Sunday, July 20, 2008


I declared "honeymoon over!" this week. So have a lot of other Alaskans. At the Mat-Su Democrats Egan Dinner last Friday, standing around talking afterward, one could tell, listening to Valley progressives and moderates who had had high hopes for Palin, that this past week marked a turning point.

I've never been in Saradise, like some of my progressive and moderate friends, but, up until this week, my admiration for Governess Sarah Palin's ability to learn from experience outweighed my skepticism about her ability to escape the demands of her political base to the point where she could set long-term policy on a rational base.

The first inkling, from my point of view, was when her administration stonewalled University of Alaska Anchorage Professor Rick Steiner, in his efforts to obtain documents from the state regarding the issue of dealing with the status of Polar bears. My first really sad moment was listening to longtime friend, Attorney General Talis Colberg on APRN's Alaska News Nightly, defending the stonewalling, and my other friend, Rick Steiner calling Colberg's stance on this "bullshit!" Steiner was right. And I could sense that - underneath Colberg's dutiful statement - that Talis knew Rick was right.

I've been watching this remarkable woman since she was on the Wasilla Planning Commission. Her move from there to the Wasilla City Council was made with the strong encouragement of the Mayor of Wasilla at that time, John Stein, a Republican. When Palin decided to challenge Stein for the mayor's job, I had my first chance to watch her "base" at work. Their issues were that Stein had introduced a sales tax, and that Stein's wife, the late Karen Marie, had kept her maiden name after their marriage. That was it. And - she won.

At that time, Palin used a lot of the same terminology in her public speeches that Vic Kohring used - very Libertarian. And, she used a lot of fundamentalist-evangelical code words. Early in her first mayoral term, Palin and I both had responsibilities at the graduation ceremony of a group of home schoolers. I directed the music there, she gave the commencement speech. In her address, Palin spoke of how "government schools" (a Kohring-inspired code word) were never the answer, that God must be an integral part of everyone's education, and so on.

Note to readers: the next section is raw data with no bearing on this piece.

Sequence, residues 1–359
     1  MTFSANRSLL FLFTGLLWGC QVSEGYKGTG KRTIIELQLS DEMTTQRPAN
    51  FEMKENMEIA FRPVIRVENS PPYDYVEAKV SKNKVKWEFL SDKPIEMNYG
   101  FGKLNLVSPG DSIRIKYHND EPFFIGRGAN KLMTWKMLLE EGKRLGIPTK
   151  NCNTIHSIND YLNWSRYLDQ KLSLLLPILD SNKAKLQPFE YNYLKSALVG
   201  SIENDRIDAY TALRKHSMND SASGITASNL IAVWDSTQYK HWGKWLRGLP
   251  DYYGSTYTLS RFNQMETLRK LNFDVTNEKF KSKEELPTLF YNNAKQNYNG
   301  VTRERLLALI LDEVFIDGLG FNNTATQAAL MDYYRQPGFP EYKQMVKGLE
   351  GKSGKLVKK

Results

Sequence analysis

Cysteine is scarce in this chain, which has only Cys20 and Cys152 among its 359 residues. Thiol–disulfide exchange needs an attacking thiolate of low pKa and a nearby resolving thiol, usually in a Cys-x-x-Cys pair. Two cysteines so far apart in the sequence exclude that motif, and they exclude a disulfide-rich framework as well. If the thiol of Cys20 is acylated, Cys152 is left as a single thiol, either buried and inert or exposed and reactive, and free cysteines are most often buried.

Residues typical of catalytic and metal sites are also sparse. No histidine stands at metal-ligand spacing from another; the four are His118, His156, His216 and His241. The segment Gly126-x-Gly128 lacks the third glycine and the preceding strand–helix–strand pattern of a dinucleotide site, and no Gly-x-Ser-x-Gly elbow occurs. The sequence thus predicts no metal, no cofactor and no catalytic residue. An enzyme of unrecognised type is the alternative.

I spoke to her afterward, telling her that I hoped she would come to realize that home schooling and parochial or private schools couldn't possibly be everyone's answer. She eventually came to rely upon the "government school" system for her own growing family. And, she used the money that came from John Stein's evil Wasilla sales tax to fuel her growing stature as a politician. And she did appear to be able to learn from experience, unlike most conservative Republicans.

Palin has, up until now, been lucky. She used the model city administration John Stein built to catapult herself into the public eye. She used the too obvious sleaze of the slimy Randy Reudrich to launch her "ethical maverick" image. She ran on that image precisely when the beginnings of the FBI GOP corruption scandal started to bloom. And she became governor right when Alaska's oil wealth once again - after 20 years of mostly limping along - became a HUGE factor in state budgeting.

For me, after the Steiner matter, the main reason I kept respecting Palin to a high degree, was her ability to marginalize the major oil producers here in the negotiations on how to build the natural gas pipeline. The major producers don't want the gas pipeline. But we need it.